Cross-posted from Omnimaga

Hey guys,

Seeing the challenge TheMachine02 shamelessly sent me (), I wanted to try and do some 3D, but this time without defining any vertex by advance. So this came out.

What it features :

So yeah, it's not really useful, but I found that it would be cool to try and do such program.

Small precision : the graphed function doesn't give exact results. I mean, there's no such thing as units. The only point of that is making good-looking results on-screen, it's not a mathematics tool.

How to use it : by default, prgmDOTSURF (Noshell executable) will graph the 2x² function. You can move around the graphed function with the arrows, zoom in with + and out with -, rotate left with [Y=] and rotate right with [graph], switch between dots and grid view with [mode] and exit with [clear].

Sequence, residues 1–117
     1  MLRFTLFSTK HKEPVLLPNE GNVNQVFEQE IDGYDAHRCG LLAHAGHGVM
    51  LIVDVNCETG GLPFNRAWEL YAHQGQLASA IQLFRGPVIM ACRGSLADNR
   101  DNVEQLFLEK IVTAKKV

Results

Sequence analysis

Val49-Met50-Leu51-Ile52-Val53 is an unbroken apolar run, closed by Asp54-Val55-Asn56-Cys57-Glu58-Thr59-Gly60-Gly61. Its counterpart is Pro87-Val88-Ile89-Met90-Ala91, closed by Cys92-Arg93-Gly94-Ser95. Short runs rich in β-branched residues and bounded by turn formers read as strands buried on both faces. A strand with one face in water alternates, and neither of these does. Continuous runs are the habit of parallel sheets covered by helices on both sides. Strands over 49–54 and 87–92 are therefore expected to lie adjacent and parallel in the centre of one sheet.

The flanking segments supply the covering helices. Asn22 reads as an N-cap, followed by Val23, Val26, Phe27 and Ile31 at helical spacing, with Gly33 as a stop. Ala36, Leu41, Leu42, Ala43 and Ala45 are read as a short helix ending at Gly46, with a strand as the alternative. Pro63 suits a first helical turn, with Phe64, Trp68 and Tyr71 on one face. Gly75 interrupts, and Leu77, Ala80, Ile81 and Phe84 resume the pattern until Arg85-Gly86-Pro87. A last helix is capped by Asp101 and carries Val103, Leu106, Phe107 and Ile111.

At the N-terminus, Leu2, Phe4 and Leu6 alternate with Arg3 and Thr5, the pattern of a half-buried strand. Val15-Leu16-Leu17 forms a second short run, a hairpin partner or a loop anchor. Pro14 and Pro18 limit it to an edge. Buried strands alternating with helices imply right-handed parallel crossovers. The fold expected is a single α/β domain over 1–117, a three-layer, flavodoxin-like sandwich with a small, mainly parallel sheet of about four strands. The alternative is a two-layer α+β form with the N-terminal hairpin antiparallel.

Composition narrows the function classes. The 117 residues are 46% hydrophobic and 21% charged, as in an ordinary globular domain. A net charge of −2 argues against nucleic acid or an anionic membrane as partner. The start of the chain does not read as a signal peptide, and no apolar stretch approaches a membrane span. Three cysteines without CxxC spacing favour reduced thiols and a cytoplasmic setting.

You can also define your own function for the program to graph. To do that, just edit prgmFUNC3D. While I'm speaking about a "function", this is actually Axe code that you'll have to compile. I want to make this into a more user-friendly way, but I still have to figure how. Here're instructions on how you can define your function :

Remember that grid mode will lag a lot at 6MHz, since the program has to draw a line between each of the 117 dots.

So, I think that's all. For those who don't know Axe but want to try anyway, I give you some functions that you can copy in prgmFUNC3D (that will also be an example for those who want to write their own ) :

The default 2x² :

r2*r2*2→r6